As a general rule the Property (Relationships) Act 1976 states that when relationship property is divided, each party shares equally (i.e. 50/50) in the family home, family chattels, and any other ‘relationship property’.
The Property (Relationships) Act 1976 sets out the law for division of ‘relationship property’ following division of a marriage, civil union or de facto relationship. A de facto relationship is simply a relationship - irrespective of the sex of either person - where the two people are 18 or older and live together as a couple
Esther Perel, an eminent writer and psychotherapist who has achieved huge popularity from her last two books and TED talks about relationships, had a few interesting observations to make when she went on a recent trip to Cuba. Cuba has one of the highest divorce rates in Latin America with 70% of marriages expected to end in divorce. It is a society where no one accrues wealth or owns property or things, so it’s much easier to separate – as there is no division of belongings and generally people don’t stay together because of the lifestyle or economic support that the relationship brings. In Cuba, marital relationships emphasise emotional fulfillment and minimal economic reliance. “If one is not met emotionally, why be married?” said one of the local female psychologists.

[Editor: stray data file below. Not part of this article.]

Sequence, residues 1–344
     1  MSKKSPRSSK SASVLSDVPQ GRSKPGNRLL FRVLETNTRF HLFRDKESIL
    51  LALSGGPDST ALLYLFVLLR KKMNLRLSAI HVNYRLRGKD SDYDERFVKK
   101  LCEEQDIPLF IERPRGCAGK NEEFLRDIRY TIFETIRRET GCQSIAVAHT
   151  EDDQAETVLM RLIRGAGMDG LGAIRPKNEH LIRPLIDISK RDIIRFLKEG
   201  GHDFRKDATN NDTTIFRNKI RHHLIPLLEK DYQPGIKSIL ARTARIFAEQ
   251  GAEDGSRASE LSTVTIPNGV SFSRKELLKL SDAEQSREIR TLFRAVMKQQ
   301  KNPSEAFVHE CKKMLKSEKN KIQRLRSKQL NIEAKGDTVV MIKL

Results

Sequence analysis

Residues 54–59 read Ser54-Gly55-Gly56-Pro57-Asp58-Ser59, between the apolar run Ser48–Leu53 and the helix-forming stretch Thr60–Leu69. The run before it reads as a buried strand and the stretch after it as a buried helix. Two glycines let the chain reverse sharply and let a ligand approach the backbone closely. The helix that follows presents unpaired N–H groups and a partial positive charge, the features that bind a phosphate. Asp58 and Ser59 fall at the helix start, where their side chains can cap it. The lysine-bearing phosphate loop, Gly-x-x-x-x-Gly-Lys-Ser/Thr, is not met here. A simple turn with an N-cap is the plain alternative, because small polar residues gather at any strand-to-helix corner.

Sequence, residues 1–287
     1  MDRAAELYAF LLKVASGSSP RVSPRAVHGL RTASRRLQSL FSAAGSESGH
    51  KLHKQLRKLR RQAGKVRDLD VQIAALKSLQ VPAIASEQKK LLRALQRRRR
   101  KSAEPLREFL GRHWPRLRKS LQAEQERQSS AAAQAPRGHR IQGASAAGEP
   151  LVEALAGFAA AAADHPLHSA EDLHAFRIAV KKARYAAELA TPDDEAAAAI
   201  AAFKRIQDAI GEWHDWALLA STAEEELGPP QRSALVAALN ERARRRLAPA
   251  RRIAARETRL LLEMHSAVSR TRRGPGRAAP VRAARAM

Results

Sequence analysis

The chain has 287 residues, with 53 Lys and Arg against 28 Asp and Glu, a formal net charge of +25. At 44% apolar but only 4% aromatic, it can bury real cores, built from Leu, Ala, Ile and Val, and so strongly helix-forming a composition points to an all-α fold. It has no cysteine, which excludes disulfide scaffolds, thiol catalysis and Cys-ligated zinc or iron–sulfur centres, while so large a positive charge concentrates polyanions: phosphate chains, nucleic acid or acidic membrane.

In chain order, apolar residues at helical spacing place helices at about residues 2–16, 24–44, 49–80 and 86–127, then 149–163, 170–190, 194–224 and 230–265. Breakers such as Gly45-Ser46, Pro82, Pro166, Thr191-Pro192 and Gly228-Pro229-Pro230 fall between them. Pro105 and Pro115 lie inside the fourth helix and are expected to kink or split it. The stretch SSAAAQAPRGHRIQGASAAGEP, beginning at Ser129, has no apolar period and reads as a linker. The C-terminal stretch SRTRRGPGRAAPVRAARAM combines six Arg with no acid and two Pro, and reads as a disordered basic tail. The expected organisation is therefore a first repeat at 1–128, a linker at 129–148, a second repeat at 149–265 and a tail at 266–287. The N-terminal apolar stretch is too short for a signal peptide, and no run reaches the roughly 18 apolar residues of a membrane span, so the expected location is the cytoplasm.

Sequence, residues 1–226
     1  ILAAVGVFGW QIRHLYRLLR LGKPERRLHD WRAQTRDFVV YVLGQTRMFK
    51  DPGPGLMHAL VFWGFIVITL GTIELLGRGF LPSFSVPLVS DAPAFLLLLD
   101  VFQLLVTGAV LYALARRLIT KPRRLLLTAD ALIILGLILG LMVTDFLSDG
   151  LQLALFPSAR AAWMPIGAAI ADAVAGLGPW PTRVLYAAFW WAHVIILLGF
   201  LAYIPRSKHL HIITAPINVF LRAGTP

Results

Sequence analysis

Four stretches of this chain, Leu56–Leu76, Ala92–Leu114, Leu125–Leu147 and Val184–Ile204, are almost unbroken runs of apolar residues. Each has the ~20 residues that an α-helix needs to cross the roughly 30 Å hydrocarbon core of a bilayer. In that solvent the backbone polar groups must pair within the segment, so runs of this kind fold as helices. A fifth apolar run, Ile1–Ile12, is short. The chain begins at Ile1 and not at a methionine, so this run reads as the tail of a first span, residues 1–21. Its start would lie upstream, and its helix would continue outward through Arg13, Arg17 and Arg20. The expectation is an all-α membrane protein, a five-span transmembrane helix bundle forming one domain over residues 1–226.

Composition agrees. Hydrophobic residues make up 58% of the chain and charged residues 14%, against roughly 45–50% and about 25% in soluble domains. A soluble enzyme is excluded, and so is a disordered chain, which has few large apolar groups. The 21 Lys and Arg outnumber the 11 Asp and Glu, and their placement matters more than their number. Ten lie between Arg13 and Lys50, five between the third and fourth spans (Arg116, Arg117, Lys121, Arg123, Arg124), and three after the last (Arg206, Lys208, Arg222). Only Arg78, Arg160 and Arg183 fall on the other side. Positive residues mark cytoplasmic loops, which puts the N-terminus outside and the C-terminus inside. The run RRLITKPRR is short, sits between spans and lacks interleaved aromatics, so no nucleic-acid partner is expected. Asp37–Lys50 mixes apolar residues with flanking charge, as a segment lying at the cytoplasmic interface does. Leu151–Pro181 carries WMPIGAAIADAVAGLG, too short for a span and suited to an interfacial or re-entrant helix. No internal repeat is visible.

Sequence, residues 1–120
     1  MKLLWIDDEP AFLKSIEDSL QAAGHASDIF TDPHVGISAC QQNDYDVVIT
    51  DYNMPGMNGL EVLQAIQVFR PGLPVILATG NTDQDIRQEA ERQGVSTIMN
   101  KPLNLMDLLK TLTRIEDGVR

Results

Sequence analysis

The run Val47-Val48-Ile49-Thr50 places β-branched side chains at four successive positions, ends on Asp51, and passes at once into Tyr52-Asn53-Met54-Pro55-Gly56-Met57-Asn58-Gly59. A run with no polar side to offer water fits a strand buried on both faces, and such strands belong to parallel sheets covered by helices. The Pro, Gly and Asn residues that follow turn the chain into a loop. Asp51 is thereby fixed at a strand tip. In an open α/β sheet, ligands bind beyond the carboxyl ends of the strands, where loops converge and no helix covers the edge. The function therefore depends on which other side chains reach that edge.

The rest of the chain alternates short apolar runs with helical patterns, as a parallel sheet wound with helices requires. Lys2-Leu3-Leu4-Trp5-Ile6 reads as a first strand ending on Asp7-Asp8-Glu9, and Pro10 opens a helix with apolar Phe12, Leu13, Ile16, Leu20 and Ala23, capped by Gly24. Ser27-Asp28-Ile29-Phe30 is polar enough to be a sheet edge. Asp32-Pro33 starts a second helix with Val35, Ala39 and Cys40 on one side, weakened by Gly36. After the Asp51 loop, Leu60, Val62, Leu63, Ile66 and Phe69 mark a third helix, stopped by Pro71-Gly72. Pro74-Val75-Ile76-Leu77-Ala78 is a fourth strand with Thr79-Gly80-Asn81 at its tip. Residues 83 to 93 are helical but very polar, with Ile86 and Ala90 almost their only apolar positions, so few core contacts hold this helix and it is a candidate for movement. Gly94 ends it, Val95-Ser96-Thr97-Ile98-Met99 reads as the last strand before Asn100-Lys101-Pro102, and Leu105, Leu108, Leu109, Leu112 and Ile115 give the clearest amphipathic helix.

It has become increasingly difficult for first home buyers to enter the property market in New Zealand. The amount of deposit required in most regions has increased significantly, with house prices growing at a fast rate in comparison to peoples’ incomes. Banks have put tighter controls on low deposit lending and a flow on effect is large numbers of first home buyers purchasing properties with the help of their parents. This is usually by them either acting as a guarantor on the mortgage or advancing funds as a gift or a loan to help with the deposit.